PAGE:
from 13 March 2014 on our old blog site
I’m still reading Genealogy Standards. Reading it again is perhaps a more accurate word.
It is important for those who purchase the book, either as a part of their certification process or just as a part of their own genealogical education, that they remember what the Genealogy Standards is not. It is not a complete how-to book. It is not a list of sources. The Genealogy Standards is a list of benchmarks against which genealogical research is to be measured and compared.
It is not a specific how-to guide, but standards guidelines in any profession are not usually how-to guides. That’s what classes and other trainings are for. It’s short and to the point, more in the sense of reminders for what a researcher should be doing instead of a specific list of sources to check.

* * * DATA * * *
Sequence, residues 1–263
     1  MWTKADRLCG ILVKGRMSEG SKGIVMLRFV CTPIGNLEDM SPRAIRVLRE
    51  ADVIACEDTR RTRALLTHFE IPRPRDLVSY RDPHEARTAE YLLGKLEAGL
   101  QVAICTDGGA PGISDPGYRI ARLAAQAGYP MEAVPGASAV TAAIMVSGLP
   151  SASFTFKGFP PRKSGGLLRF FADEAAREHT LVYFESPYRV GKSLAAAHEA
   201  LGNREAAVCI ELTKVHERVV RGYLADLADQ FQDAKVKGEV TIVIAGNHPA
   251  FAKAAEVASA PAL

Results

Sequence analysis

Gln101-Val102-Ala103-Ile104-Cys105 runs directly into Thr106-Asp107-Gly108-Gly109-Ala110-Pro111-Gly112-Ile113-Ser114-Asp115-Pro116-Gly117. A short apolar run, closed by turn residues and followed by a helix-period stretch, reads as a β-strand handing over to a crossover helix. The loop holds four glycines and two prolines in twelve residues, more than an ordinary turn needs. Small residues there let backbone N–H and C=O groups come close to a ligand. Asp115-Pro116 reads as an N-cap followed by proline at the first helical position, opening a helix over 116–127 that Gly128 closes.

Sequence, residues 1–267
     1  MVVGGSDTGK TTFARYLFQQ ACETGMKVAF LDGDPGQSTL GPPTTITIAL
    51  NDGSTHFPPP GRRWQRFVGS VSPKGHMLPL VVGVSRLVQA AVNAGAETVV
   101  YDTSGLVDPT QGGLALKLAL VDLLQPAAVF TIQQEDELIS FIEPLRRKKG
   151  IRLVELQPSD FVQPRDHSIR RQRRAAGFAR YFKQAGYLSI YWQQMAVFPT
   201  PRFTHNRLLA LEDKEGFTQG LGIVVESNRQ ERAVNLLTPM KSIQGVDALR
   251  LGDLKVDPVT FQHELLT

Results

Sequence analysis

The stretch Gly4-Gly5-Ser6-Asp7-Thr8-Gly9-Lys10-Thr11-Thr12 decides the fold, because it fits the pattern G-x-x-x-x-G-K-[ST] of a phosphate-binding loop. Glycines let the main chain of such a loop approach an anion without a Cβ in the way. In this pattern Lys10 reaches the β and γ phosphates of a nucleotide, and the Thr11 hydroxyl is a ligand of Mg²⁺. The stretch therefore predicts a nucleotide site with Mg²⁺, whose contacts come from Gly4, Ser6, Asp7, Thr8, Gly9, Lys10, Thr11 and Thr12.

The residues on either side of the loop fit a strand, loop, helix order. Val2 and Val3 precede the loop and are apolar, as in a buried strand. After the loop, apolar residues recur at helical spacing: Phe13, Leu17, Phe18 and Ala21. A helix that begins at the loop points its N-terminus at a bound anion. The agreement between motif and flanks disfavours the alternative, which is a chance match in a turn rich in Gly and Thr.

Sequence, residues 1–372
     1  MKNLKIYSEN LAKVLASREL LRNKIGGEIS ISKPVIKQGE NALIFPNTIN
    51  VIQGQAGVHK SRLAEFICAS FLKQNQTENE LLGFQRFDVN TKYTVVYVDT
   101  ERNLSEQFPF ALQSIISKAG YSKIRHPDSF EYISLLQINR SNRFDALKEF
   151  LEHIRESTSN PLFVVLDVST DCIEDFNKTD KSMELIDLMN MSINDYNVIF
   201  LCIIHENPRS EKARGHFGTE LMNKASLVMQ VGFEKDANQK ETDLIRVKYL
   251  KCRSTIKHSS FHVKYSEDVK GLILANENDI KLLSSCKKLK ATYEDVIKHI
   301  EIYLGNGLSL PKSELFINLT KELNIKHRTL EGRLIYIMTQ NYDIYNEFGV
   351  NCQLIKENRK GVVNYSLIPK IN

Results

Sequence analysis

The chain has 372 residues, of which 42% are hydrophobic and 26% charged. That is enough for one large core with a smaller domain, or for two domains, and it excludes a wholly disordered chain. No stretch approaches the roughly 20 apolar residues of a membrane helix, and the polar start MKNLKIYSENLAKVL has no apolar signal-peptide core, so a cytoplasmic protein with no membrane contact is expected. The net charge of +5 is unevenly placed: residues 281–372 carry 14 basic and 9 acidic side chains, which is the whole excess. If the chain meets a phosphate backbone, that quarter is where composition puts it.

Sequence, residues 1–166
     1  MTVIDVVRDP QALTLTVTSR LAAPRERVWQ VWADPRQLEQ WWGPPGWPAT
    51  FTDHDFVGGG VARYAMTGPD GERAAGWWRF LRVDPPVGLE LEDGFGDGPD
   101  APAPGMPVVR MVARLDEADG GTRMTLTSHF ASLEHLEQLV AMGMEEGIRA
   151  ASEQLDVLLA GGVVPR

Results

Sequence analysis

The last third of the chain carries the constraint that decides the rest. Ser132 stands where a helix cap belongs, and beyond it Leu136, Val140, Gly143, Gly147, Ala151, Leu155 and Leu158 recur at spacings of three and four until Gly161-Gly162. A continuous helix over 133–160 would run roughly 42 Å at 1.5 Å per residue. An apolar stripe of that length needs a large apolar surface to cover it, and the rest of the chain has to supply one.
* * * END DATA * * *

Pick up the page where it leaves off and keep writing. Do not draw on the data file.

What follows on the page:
I don’t read Genealogy Standards with the intent of seeing a list of suggestions that will help me with my Rufus D. Stephens, my Benjamin Butler, or my Hinrich Mueller. However, as I read the standards, particularly the ones in regards to documentation and research, I should be asking myself:
- have I done that when I researched?
- have I analyzed each piece of information that I already have?
- was I thinking about those writing suggestions when I put together a summary of my research?
3 thoughts on “Genealogical Standards are Specific and Vague”
Thank u for ur in site on this subject and book.
You mention Benjamin Butler in your searches….I am related to and am doing research on the Butler’s, including the “Benjamins”!
I am definitely going to read this book. Although I document my sources, I have never been taught the correct way to analyze or write about them (although I think my research is pretty thorough). Thank you for this post!
You’re welcome. I’m still looking for Benjamin’s parents…a few good clues, but nothing solid.